As the referee points out, strictly speaking, we have only explained how to deform part of the phase space (e.g. $| \vec{E} |^2 < | \vec{B} |^2)$ of the Maxwell theory into the Born-Infeld theory. However, it is straightforward to deform the other part of the phase space by choosing slightly different coefficients in the definition of our deforming operator (as we briefly mention below equation (2.11)).

One could therefore consider a piecewise-defined version of the deformation, which acts differently in the two parts of the phase space, to handle both cases at once. Note in particular that this piecewise definition is continuous across the transition point, where $\mathfrak{t} = 0$ and therefore the operator $R$ vanishes, so either choice of $\pm R$ is equivalent.

We have added a sentence below equation (2.11) in the revised manuscript to clarify this point.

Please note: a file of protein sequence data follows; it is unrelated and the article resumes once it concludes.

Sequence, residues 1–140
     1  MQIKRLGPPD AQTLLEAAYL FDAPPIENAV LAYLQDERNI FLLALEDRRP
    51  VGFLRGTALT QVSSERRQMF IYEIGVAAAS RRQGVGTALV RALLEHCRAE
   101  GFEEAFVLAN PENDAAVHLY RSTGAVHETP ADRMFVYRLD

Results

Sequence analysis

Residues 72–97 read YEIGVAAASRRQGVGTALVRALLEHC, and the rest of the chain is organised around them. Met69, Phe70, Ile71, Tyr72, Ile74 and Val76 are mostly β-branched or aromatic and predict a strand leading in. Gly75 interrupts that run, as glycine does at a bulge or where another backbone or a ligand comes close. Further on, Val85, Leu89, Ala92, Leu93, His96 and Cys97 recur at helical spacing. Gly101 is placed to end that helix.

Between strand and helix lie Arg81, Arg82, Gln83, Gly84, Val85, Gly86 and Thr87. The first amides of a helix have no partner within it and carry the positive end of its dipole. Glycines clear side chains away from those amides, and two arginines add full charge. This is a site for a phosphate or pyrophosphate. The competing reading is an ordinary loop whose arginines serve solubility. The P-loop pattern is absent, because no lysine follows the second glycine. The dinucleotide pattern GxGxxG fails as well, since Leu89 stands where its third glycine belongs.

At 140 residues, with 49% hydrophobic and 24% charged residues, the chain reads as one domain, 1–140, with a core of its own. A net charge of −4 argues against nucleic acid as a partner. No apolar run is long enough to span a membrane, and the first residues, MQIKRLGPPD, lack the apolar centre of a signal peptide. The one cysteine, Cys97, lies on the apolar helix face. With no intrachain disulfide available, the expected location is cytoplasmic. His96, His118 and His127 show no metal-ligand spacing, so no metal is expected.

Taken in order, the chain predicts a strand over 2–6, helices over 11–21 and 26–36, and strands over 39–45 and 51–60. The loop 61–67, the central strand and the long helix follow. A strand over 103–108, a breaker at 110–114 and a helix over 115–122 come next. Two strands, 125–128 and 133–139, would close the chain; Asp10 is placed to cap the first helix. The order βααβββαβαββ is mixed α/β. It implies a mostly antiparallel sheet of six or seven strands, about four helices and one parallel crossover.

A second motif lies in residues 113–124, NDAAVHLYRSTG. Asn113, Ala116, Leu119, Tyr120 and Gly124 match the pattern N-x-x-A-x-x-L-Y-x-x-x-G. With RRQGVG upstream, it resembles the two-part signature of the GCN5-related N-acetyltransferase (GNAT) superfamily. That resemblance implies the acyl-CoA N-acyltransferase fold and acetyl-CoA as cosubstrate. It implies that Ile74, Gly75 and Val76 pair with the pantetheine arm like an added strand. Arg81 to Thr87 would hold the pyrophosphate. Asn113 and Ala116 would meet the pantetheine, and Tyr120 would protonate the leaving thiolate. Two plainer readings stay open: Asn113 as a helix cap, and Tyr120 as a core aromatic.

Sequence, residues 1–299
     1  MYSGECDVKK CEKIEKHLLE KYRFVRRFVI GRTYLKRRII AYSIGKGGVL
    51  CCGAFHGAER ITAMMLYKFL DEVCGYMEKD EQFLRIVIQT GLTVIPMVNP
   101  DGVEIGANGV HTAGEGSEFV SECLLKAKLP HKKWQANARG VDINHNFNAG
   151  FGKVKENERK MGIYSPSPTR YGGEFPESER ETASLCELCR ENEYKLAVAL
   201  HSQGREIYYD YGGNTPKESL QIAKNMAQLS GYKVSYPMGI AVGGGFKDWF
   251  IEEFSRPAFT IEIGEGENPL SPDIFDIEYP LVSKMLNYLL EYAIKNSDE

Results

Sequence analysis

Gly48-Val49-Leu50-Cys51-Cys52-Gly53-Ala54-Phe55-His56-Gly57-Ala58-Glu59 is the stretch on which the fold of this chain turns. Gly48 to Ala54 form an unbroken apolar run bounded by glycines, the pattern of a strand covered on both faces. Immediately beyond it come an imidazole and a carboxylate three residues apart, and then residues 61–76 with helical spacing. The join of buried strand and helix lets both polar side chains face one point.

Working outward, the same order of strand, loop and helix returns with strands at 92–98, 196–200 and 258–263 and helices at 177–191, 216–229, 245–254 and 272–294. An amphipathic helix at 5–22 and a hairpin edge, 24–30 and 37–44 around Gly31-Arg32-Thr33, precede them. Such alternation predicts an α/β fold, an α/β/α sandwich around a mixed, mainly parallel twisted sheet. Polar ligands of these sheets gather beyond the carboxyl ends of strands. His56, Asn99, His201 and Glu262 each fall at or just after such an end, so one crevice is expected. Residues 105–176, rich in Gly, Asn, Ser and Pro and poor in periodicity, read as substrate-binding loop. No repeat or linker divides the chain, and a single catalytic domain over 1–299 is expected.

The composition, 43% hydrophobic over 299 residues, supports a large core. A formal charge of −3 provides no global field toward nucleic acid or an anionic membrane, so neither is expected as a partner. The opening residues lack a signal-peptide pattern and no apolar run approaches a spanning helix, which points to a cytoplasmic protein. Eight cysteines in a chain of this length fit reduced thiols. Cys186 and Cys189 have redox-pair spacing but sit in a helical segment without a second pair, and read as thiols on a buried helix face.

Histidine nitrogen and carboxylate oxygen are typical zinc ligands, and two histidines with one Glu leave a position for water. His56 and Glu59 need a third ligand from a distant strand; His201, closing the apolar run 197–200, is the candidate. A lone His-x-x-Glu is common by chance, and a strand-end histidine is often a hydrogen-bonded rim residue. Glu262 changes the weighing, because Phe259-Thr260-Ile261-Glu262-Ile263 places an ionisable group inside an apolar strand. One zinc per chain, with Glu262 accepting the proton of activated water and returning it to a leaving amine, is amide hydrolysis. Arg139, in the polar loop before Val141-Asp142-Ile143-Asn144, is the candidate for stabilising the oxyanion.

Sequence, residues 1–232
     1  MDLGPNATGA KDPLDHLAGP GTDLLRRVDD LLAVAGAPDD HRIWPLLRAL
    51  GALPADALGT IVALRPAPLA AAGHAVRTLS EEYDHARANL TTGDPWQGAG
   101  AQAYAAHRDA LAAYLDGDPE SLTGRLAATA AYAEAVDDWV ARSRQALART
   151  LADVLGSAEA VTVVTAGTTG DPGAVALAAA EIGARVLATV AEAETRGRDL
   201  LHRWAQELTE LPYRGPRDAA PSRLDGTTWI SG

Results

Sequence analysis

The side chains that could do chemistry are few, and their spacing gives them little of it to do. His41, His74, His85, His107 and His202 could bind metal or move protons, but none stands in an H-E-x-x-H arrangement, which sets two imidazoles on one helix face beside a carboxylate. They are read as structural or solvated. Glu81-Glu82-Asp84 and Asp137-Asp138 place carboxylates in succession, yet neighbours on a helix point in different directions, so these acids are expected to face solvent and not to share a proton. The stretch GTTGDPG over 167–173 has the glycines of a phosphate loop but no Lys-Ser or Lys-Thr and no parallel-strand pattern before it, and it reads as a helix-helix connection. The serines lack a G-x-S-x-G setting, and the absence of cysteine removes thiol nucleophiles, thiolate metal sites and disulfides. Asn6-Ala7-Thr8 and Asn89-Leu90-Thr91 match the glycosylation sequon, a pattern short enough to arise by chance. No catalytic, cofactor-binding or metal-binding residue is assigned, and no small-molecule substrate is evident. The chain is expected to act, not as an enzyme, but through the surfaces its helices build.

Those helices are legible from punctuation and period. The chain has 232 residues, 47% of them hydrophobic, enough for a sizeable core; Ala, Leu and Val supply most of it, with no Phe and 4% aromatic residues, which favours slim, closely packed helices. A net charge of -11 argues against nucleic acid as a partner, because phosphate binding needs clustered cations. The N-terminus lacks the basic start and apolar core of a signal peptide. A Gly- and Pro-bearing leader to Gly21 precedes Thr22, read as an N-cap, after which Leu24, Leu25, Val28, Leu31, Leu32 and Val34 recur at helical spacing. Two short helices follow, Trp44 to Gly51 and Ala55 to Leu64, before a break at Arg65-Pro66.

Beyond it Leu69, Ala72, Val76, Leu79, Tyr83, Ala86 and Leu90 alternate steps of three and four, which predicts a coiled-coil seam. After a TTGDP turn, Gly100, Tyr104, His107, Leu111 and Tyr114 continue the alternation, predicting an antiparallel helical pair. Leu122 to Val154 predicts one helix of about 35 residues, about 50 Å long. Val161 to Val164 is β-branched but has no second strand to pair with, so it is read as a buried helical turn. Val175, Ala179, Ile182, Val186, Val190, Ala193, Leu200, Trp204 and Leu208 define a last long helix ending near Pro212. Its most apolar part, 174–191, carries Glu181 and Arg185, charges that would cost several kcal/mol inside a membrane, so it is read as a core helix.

(2) We have clarified the discussion around equation (2.18) and added comments about how it relates to equation (2.58). What we meant to emphasize is that equations (2.19) and (2.20) only hold up to total derivative ambiguities; we did not mean to suggest that these can always be ignored, since as we see around equation (2.58), these total derivative terms can be important in some contexts.

We agree with the referee that, in the quantum theory, the spectrum of local operators (including the stress tensor) is part of the definition of the theory, and there is no freedom to perform improvement transformations. However, although it is outside the scope of the present work, it is possible to argue that the trace flow equation for the $T \overline{T}$ operator holds at the quantum level, without resorting to the classical argument we have presented that suffers from total derivative ambiguities. (For instance, one way that this trace flow equation has been justified in the literature is by performing a gravity analysis in the holographic dual to a $T \overline{T}$ deformed CFT.)